We need to go back to what nature intended and that is what Organic Farming is all about. It is to grow crops and raise animals on land that is enriched with compost and mulches that are well rotted because this is the most paramount of stages in organic farming. The aim is to get as much humus into the land as possible, and this includes manure, compost, seaweed, leaf-mould, spoiled hay, and anything of vegetable or animal origin, including blood and bone, that can go into making a compost heap. The keyword here is recycling. There is the old adage; “Waste not, want not” and never so true in farming organically.
Any left over crops or wood should never be burnt on a property. This is an absolute waste of potential compost, and it is also a pollution contributor. Why burn it when you could use it and it isn’t costing you anything? Why burn those vine cuttings and those orchard prunings? Invest in a chipper to reduce the bulk and add these to your compost heap.
What happens to your soil when it is healthy? It is filled with micro-organisms and those beautiful earthworms that delight the heart of those who care. Once you have earthworms in your soil you know that you are doing something right.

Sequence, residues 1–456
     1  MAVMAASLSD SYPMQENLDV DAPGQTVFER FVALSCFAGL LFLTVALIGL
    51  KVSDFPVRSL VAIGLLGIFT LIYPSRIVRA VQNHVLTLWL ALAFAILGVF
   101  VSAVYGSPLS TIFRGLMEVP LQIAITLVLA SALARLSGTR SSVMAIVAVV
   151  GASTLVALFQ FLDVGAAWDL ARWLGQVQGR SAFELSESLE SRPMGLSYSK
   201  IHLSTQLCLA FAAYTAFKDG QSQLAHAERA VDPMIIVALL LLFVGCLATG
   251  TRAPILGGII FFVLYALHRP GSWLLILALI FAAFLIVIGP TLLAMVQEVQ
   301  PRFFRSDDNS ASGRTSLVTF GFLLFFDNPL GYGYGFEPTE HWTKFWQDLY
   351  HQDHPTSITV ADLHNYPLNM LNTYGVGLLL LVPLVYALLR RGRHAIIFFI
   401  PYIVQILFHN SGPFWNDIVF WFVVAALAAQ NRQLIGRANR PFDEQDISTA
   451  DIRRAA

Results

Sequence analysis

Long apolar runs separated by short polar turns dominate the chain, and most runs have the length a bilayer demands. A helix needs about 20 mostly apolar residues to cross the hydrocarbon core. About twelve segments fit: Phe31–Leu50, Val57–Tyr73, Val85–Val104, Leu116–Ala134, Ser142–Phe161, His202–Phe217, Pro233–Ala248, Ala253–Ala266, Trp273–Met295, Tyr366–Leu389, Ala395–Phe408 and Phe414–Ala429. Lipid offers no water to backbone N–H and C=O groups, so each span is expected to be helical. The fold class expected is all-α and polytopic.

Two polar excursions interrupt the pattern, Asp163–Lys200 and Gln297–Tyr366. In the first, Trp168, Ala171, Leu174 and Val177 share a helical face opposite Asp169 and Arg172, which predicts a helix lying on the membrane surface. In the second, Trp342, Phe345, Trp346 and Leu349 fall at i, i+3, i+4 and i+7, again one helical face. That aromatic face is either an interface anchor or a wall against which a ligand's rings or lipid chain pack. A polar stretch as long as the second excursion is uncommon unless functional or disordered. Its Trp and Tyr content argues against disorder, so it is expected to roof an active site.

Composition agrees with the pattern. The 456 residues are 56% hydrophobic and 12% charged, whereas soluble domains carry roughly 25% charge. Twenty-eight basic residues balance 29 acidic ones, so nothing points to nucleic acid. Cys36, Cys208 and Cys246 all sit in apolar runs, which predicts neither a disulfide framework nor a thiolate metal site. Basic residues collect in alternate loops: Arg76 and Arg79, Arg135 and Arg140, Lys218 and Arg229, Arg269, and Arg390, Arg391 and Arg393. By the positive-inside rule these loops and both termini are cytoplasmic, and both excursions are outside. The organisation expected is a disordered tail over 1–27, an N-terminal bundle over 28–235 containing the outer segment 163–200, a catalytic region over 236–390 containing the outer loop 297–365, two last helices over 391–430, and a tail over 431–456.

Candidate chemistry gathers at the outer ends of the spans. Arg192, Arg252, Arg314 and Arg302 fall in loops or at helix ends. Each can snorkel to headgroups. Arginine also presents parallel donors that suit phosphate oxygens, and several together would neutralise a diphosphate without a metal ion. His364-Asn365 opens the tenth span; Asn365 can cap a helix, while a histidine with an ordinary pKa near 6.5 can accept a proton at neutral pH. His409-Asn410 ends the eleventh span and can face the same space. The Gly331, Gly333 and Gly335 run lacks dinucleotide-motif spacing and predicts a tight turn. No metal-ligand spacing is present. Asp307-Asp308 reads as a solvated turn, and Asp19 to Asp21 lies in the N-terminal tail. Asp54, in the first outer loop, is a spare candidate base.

Remember too that you need to rest your soil and to use crop-rotation effectively. When you have a field at rest plant a cover crop, such as rye grass as a temporary planting in autumn. This protects the soil from wind and water erosion and adds organic matter. You can also grow crops such as legumes for soil improvement, called green manure crops, and are often left in place for six months to a year. Legumes are especially efficient because they “fix” nitrogen from the air into the soil.
In England more and more farmers are replanting hedgegrows on their farms as they now realize how important they are. Many animals and insects use these hedges as part of their ecosystem, therefore when the hedgegrows were removed, these little animals and insects then lost their natural shelters and an imbalance on the ecosystem resulted in an influx on insects that were unwelcome. They are also excellent wind-breakers and hold the soil in place to prevent soil erosion.The Principle of Fairness